Few experiences scream “I’m a kid again!” like sleeping in a treehouse. Almost every man has childhood memories of hanging a “No Girls Allowed” sign and reading comic books by flashlight into the wee hours in a friend’s treehouse. Thankfully, you can relive that adolescent joy at some of the world’s coolest treehouse hotels. Here are our favorites.
- Pinecone Treehouse by O2 Treehouse
- ArtisTree Yoki House Treehouse
- Finca Bellavista Treehouse Community
- Hapuku Lodge + Tree Houses
- Aroma(n)tica Treehouse
- Chateaux dans les Arbres
- The Woodsman’s Treehouse
- Bangkok Treehouse
- TreeHouse Point
- Lion Sands Game Reserve
- Dove Men+Care
- Reserva Biológica Huilo Huilo
- Free Spirit Spheres
Most treehouses look like treehouses with a distinct, rustic design that often the recalls the treehouses of our childhoods. While this isn’t a bad thing, O2 Treehouses set out to rethink the idea of the traditional treehouse. The result is the futuristic, genre-bending Pinecone Treehouse. The geodesic shell was constructed from steel and locally-sourced California redwood, while dozens of glazed panels provide the pinecone’s “scales.” From the inside, the view is like a kaleidoscopic panorama overlooking the surrounding Oakland forest. The best part is that it’s for sale for the low, low price of just USD $150,000.
Not far from downtown Austin at Cypress Valley lies Yoki House. The bespoke treehouse designed by ArtisTree is actually a two-room suite suspended 25 feet above a spring-fed creek that runs between two towering bald cypress trees. The 500-square-foot interior is intimate and charming, while a 60-foot suspension bridge connects the sleeping/living quarters to a private bathhouse with a Japanese onsen-inspired soak tub. Floor-to-ceiling windows line every wall making this the perfect serene getaway for writers, couples, and bird-watchers alike. Yoki House welcomes overnight guests, but the treehouse’s wild popularity means it’s often booked months in advance.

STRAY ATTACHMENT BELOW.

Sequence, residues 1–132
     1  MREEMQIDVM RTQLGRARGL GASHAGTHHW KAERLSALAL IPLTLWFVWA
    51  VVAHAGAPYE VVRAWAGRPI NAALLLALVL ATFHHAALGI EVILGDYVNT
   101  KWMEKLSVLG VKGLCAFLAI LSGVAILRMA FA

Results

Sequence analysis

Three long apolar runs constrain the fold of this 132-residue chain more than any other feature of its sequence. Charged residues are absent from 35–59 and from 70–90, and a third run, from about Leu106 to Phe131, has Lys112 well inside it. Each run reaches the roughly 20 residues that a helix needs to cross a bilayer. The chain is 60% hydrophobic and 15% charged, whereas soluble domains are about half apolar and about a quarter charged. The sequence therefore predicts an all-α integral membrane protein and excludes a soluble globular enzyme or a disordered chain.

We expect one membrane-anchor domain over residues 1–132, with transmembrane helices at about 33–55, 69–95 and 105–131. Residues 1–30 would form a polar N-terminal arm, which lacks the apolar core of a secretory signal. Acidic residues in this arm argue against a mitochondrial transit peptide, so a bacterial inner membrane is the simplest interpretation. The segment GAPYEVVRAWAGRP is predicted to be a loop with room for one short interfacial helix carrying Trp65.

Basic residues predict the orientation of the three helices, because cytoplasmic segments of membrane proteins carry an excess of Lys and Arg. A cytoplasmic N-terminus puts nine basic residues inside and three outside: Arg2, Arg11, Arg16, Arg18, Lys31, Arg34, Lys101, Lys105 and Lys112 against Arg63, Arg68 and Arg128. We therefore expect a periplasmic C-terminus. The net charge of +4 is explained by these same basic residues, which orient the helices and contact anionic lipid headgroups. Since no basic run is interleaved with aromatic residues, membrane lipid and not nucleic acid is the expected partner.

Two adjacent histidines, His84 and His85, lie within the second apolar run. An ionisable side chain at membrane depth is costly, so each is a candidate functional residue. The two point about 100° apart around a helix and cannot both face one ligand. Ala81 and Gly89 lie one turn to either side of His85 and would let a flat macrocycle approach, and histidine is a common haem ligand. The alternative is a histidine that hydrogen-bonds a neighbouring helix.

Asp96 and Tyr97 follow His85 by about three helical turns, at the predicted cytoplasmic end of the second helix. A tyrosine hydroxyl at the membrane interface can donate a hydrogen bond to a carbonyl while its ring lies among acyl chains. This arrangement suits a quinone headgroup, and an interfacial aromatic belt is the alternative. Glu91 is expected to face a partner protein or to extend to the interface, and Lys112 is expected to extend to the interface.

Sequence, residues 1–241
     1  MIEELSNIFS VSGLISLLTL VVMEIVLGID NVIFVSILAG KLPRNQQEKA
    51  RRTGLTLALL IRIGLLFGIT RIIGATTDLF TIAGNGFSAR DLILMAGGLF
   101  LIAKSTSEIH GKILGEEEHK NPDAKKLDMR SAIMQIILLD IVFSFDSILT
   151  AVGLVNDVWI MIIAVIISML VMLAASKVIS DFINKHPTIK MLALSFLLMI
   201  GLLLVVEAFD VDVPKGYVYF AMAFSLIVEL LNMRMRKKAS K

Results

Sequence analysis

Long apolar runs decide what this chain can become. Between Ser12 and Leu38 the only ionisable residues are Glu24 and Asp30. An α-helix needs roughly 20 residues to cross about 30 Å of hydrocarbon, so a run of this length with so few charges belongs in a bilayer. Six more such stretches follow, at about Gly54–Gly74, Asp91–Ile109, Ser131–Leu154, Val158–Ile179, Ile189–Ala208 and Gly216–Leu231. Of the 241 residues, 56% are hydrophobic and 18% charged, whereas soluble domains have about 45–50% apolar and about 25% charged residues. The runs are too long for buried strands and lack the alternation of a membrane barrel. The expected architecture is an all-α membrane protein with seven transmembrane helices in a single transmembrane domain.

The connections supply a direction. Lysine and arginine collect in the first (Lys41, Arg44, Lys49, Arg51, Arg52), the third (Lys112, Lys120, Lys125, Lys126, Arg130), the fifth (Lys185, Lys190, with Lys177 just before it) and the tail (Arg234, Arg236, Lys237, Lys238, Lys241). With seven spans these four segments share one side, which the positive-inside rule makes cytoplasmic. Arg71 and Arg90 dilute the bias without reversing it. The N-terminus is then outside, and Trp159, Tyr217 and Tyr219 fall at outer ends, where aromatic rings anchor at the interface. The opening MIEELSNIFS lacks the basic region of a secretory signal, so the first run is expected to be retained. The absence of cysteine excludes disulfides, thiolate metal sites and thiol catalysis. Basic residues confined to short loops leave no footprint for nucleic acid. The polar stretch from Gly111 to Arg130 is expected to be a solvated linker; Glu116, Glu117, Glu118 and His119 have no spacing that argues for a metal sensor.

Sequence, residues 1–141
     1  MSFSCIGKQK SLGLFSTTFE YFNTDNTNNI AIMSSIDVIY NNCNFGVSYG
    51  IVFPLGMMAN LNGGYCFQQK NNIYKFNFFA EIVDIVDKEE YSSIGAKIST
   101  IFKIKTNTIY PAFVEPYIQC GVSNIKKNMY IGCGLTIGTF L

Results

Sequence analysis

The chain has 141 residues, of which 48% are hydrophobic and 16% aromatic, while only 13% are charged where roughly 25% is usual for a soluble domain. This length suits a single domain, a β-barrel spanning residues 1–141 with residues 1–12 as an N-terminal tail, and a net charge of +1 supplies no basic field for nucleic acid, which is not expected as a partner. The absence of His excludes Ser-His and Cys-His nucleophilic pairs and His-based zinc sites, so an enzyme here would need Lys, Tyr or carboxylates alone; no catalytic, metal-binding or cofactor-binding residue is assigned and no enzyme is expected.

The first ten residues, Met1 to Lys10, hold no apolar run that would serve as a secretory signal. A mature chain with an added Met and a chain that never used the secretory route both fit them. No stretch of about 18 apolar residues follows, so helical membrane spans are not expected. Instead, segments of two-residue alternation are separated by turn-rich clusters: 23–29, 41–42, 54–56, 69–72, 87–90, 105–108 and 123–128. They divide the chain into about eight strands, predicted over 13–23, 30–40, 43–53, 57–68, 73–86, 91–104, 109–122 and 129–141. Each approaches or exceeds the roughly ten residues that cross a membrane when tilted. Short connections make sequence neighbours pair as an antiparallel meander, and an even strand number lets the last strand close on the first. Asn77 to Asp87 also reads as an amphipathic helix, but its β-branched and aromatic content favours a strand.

It’s difficult to imagine a more picture-perfect place for an entire treehouse community than Costa Rica. Sited near the country’s South Pacific coast, Finca Bellavista is a full-fledged treehouse compound where visitors can rent treehouses for overnight stays, buy a pre-built treehouse, or purchase a parcel of land to build their own to spec. This is no-frills living the tico (read local Costa Rican) way: no air-conditioning, no Wi-Fi, and no fancy amenities like television. There is, however, an on-site nursery, plenty of hiking trails, and you can even zip-line between treehouses. Is there a cooler way to make a grand entrance to your neighbor’s house party?
Kaikoura, New Zealand
Few places draw nature-loving travelers like New Zealand. It’s raw, wild, pristine, and unbelievably beautiful. Located in the coastal town of Kaikoura on New Zealand’s South Island, Hapuku Lodge is designed to blend seamlessly into the surrounding Kanuka grove. The big get here for guests is a stay in one of the lodge’s five treehouses. Inside, each one feels more like a luxury hotel room with TVs, fireplaces, free Wi-Fi, minibars, and hot tubs. Private balconies and oversized windows all afford amazing views to the Pacific Ocean and Kaikoura’s mountain range — both of which are home to abundant year-round wildlife populations.
Sometimes less is indeed more. The Aroma(n)tica Treehouse offers plenty of simple, rustic charm, but the real treat for visitors is what’s nearby. Though well hidden from view, it provides sweeping views overlooking the rural countryside of Monferrato, Italy. With a massive private garden, cultural walking paths, and hiking and biking trails just steps away, this is truly a nature lover’s paradise. The area is well-known for its world-class wines, and guests even have access to a private onsite wine cellar.
Castle-inspired treehouses might seem strange anywhere else, but they somehow feel right at home in southwestern France. The six elevated “spa castle homes” (their words, not ours) at Chateaux dans les Arbres were inspired by traditional centuries-old French chateaux. With four large spires at the corners and a rough-hewn wood exterior, these unique structures are equal parts miniature castle, log cabin, and ornate dollhouse. Inside, the eclectic decor blends elements of Moroccan, French Chateaux, and farmhouse chic. The best part is that every room features a wooded terrace with a private hot tub.
The Woodsman’s Treehouse blends all the best amenities of a modern luxury hotel with the coolest, must-have features of the dream treehouse of your childhood. A steam engine steering wheel on the front door replaces a traditional doorknob, and a stainless steel slide leads from the main deck down to ground level. Inside is a private sauna and two-person copper hot tub on the upper deck, an open-air “tree shower,” and a revolving fireplace that can be pointed wherever you need heat. The outdoor deck affords views of the surrounding Dorset woodland over the tree canopy, plus you’ll find a wood-fired pizza oven and barbeque to boot.